Gunning For Greatness
Me and randonneuring, we have a history, and it’s not all wine and roses. But as with my Gatorade Escapade, enough time has passed that I feel safe sharing another hidden aspect of my cycling history.
Twenty years ago, when I returned to cycling as an adult, it was clear that I was going to be a long-distance (endurance) rider. And in looking for clubs and events that emphasized long rides, I learned of the New England Randonneurs and their Boston Brevet Series of rides.
What’s all that, then? To explain, here’s an excerpt from the ride report for my first brevet, back in 2006:
First, what’s a brevet? A brevet or randonnée is an organized long-distance bicycle ride. Cyclists—who, in this discipline, are referred to as randonneurs—follow a designated but unmarked route (usually 200km to 1200km), passing through check-point controls, and must complete the course within specified time limits. Randonnée is a French word which loosely translates to ‘ramble’ or ‘long journey’. Brevet means ‘certificate’ and refers to the card carried by randonneurs which gets stamped at controls; it is also used to refer to the event itself. Randonneurs do not compete against other cyclists; randonnées are a test of endurance, self-sufficiency, and cyclo-touring skills.
The ultimate randonnées are Paris-Brest-Paris and Boston-Montréal-Boston, both of which are 1200k (750 miles). You must complete a series of four brevets of increasing distance to qualify for PBP or BMB: the lengths of those qualifying rides are 200k (125 miles), 300k (190 miles), 400k (250 miles), and 600k (375 miles).
Twelve years ago, I’d just completed that first 200k brevet, and was eager for more. I scoured the internet for blogs by experienced randonneurs and online discussions.
It was on one such forum that I came across a discussion between riders about what handguns they preferred to carry during rides.
Yeah, you read that right: the loaded firearms they packed while riding, for shooting other road users.
I was shocked and horrified. I have no interest in being a bit player in some redneck moron’s Budweiser-fueled Mad Max gunfight fantasy. Guns have no place on the road, and absolutely no place in a cycling event.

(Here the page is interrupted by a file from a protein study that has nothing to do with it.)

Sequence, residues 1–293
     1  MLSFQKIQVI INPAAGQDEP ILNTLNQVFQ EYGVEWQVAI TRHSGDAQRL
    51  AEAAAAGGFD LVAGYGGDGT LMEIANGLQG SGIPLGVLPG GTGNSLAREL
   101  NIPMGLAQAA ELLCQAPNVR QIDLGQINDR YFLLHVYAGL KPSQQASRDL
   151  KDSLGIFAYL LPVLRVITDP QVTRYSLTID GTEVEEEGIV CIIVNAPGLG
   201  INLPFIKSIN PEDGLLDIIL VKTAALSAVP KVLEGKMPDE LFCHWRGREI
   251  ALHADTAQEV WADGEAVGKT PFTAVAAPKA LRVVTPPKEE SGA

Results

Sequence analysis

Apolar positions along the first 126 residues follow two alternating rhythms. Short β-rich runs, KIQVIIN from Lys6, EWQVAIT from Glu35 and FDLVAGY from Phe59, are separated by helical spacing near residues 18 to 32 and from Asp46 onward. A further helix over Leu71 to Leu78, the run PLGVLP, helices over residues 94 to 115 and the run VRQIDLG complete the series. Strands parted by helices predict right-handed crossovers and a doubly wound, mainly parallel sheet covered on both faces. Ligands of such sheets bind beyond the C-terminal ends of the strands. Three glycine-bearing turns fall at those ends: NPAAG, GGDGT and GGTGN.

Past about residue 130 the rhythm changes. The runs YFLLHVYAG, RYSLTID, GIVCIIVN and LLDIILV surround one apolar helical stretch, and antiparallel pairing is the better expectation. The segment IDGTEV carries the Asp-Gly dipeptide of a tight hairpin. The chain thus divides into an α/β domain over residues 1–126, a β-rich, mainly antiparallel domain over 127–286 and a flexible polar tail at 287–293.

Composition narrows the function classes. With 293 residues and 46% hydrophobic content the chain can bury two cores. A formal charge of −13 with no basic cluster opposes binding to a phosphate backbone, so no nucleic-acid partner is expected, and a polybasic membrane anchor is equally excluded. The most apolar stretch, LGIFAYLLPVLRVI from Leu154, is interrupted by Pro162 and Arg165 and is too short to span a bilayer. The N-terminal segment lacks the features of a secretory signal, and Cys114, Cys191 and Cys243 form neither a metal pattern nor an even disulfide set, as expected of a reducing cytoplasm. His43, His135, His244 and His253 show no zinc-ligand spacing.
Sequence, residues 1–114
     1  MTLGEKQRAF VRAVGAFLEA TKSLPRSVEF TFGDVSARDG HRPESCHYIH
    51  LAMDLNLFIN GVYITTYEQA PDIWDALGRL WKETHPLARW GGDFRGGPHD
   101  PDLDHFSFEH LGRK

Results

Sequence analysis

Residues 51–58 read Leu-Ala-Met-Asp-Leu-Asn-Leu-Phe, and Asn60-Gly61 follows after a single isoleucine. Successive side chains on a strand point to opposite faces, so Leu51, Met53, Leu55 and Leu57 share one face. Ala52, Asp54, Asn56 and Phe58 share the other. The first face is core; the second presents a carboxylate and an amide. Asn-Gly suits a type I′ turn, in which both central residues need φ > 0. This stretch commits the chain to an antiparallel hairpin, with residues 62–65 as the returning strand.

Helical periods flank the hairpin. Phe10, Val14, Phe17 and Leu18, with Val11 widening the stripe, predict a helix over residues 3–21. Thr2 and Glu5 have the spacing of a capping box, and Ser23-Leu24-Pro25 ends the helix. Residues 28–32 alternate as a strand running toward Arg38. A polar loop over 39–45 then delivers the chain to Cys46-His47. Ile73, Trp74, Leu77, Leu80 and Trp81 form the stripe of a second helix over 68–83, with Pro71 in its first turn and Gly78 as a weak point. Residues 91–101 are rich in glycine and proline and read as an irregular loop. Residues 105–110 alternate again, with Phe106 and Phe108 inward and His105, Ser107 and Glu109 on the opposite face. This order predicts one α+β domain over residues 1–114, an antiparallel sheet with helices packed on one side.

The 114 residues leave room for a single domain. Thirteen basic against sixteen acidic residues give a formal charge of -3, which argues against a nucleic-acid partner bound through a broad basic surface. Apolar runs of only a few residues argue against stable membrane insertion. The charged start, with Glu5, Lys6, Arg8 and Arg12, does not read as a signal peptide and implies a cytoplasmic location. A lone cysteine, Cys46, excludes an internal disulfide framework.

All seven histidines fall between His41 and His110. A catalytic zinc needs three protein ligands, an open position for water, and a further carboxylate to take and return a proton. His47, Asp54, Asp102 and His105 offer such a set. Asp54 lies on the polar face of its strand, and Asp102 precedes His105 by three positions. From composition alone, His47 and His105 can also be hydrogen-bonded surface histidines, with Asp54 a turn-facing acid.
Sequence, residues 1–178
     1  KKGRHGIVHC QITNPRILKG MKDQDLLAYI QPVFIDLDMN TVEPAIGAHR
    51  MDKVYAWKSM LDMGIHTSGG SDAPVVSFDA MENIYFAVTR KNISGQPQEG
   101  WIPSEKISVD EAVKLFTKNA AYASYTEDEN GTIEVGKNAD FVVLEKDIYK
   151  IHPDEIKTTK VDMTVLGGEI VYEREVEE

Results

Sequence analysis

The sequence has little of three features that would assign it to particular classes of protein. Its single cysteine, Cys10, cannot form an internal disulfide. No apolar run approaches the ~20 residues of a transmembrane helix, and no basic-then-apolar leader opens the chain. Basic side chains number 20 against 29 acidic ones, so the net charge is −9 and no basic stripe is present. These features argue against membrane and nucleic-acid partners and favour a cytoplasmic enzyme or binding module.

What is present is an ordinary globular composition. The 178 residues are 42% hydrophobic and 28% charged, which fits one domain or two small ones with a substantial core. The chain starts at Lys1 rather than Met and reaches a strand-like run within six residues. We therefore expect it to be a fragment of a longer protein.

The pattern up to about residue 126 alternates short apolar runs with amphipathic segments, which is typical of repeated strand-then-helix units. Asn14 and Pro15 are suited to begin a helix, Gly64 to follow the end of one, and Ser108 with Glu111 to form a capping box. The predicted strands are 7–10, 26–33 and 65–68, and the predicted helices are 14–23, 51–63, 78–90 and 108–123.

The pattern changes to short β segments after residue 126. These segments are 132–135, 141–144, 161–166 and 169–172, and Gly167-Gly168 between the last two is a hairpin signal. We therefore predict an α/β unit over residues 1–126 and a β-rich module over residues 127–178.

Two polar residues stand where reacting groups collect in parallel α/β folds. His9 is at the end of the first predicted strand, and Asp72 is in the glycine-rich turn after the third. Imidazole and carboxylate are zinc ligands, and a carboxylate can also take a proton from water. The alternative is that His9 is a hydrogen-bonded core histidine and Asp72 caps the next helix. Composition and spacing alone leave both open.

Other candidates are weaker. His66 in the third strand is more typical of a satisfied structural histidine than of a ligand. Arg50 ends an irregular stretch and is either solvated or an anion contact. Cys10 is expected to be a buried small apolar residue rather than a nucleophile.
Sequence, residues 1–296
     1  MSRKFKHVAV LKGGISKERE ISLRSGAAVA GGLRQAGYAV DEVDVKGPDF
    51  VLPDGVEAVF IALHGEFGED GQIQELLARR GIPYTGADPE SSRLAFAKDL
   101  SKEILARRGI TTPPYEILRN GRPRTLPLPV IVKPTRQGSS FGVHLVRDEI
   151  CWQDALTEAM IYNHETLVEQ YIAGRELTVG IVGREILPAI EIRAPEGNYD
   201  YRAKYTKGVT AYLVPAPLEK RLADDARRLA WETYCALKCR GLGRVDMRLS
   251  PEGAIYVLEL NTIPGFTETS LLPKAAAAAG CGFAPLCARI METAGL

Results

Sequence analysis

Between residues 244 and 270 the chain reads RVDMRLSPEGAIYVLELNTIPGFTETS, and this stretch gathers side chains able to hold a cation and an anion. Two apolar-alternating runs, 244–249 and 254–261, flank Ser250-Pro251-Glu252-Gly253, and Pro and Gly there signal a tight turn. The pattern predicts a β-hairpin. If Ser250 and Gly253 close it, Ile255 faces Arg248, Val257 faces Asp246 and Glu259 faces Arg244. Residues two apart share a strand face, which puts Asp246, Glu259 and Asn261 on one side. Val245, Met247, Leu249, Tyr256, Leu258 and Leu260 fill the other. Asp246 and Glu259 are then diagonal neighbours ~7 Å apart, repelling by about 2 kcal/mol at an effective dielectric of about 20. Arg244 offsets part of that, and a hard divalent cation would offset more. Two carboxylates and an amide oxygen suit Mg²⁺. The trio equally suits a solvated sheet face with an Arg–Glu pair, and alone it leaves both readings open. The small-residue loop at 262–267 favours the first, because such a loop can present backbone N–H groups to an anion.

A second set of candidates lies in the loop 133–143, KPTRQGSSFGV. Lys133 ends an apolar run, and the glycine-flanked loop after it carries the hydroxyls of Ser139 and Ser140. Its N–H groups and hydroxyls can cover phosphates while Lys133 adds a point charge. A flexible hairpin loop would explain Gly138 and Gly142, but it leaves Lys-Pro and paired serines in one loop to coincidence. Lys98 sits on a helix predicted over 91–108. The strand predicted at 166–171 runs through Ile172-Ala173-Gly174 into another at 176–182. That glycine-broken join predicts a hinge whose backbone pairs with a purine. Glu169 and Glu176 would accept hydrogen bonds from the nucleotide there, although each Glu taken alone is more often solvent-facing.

I immediately fired off an email to the membership coordinator and the president of RUSA, our national organization, inquiring whether firearms were allowed on the rides they organized. They have ridiculously strict rules regarding rider safety, requiring helmets, front and rear lights, reflectors, reflective vests, sashes, and anklets, and so forth. But no, apparently that’s all safety theater, because they were—and still are—perfectly happy to hypocritically allow riders to carry loaded, concealed firearms, endangering the entire group and exposing RUSA to significant legal risk.
Having just mailed in my payment for my second year of RUSA membership, I put a stop payment on my check and informed them that I would not give any money to an organization that allowed my safety to be compromised, and that I wouldn’t be participating in any further RUSA events. After feeling that I’d found my community as an endurance rider, I was saddened to go into self-imposed exile to protest a policy I found outlandish and extremely dangerous.
Over the next decade, I participated in hundreds of centuries and 200k rides, but not a single RUSA-organized brevet. It’s unfortunate that I never felt safe enough to progress any further in my career as a randonneur. I’m sure I would have enjoyed it, and done numerous events, if they’d taken rider safety (if not their own legal exposure) seriously.
Only in the past couple years, since moving to Pittsburgh, have I chosen to meet up and ride with the local randonneuring group. It’s a tiny group—usually just four to six people—whose character I trust, and I’m hopeful that none of them are stupid enough to carry guns. But after all this time, I still will have nothing to do with RUSA unless and until they start taking the safety of their riders seriously.